Wednesday was the 25th anniversary of the massacre in Tiananmen Square, and news outlets took a look back at how they covered the bloody crackdown.
Pro-democracy protestors flooded Tiananmen Square for weeks in the spring of 1989 before they were suppressed by Chinese troops. On Wednesday, both the New York Times and the Washington Post ran through their old coverage of the crackdown, and the events leading up to it.
Nicholas Kristof and Sheryl WuDunn covered the upheaval for the Times. "By ordering soldiers to fire on the unarmed crowds, the Chinese leadership has created an incident that almost surely will haunt the Government for years to come," Kristof predicted in his account on June 4, 1989.
The Washington Post's front page headline read, "Troops Roll Through Beijing To Crush Protestors; Hundreds Feared Killed As Chinese Fight Back."
Stuart Franklin, the photographer who took one of the most well-known photos of the Tank Man, recalled his experience in a piece for the Guardian on Tuesday. He said that he was on a balcony in his hotel with colleagues when the man jumped in front of the tank.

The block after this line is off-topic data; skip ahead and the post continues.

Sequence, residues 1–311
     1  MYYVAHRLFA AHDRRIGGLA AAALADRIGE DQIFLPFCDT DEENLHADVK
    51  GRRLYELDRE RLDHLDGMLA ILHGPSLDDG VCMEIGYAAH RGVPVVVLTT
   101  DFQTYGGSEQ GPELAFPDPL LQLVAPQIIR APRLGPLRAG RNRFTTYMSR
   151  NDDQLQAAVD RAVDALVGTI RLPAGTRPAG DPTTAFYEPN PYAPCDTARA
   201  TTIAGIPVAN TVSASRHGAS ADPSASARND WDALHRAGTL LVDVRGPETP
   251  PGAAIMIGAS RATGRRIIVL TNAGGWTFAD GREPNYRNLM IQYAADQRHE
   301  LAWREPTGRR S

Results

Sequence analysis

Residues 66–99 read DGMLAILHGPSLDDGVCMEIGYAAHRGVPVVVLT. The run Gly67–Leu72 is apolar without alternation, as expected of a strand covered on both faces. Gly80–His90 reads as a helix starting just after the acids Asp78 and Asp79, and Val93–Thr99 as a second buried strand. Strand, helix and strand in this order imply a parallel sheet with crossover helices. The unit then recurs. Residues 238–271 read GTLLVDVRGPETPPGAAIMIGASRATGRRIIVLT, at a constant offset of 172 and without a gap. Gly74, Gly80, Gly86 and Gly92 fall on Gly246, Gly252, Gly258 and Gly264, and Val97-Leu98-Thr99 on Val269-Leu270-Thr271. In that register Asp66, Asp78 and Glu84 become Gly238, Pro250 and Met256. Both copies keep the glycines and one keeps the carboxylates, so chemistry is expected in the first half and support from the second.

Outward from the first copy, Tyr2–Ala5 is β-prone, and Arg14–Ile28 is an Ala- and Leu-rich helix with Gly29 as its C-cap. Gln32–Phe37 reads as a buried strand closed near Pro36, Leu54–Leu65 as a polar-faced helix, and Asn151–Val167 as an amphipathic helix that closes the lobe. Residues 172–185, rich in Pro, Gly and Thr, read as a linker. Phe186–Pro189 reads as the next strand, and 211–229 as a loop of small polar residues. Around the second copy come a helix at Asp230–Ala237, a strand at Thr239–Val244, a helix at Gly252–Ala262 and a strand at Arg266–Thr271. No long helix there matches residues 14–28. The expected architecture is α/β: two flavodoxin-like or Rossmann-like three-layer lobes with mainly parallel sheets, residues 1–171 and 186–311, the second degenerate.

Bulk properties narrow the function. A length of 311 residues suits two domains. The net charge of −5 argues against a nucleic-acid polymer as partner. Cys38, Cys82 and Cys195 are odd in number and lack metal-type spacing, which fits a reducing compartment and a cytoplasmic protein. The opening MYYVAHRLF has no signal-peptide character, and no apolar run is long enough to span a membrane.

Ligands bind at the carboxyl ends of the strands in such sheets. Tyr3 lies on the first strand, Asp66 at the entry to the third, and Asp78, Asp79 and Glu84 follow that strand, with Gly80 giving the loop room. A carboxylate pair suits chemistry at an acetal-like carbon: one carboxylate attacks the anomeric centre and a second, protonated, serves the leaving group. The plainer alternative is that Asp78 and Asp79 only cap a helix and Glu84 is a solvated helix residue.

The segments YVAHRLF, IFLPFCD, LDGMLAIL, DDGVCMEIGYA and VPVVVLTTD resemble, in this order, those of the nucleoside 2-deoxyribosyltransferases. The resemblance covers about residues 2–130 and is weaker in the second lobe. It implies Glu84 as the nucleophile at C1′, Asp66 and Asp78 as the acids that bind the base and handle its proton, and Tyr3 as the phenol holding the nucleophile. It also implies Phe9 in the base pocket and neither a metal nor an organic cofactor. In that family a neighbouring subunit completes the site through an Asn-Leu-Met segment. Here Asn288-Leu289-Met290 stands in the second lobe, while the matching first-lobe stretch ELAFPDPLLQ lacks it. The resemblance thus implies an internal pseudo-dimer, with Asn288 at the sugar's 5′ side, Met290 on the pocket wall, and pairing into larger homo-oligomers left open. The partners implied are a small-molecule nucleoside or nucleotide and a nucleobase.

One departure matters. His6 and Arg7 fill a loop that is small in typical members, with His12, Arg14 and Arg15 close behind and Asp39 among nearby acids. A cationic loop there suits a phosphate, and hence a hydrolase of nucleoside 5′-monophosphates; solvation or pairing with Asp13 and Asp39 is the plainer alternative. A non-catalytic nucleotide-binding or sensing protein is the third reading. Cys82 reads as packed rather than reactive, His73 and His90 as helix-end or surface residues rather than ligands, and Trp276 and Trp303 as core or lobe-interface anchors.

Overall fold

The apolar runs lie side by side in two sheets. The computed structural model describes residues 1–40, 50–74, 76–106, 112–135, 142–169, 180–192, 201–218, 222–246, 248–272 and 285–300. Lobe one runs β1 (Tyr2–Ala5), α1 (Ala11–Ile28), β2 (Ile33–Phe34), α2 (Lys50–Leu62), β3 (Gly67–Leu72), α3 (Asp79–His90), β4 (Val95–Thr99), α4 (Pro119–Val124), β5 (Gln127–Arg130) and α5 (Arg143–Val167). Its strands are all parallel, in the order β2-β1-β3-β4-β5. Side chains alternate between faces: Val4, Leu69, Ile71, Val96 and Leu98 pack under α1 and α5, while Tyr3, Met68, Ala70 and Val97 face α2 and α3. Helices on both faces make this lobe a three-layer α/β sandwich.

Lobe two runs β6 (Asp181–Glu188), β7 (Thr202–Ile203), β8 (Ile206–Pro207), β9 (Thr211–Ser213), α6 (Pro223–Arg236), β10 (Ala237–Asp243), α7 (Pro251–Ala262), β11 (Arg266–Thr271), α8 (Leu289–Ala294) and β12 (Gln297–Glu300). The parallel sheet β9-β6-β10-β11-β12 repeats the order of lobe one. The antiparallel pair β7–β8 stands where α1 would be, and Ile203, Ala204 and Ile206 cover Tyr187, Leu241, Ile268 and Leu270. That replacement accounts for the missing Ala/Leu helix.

"That image has now become so iconic – but what drove its impact was the fact that people had seen the man moving in front of the tanks on TV, as well as footage of the violent crackdown the night before," he wrote. "The still photographs that a few of us took of that 'tank man' scene seemed unremarkable to me, only because I was so far away on that balcony."
Many journalists had missed the moment, Franklin said, after going to a hotel with better food and getting stuck by the edges of Beijing. He later snuck his film out of China in a pack of tea with a student going to Paris.
On Tuesday, CNN's former Beijing bureau chief Mike Chinoy also described what it was like reporting on the events in China. He said the coverage marked "the first time a popular uprising in an authoritarian state was broadcast live across the globe."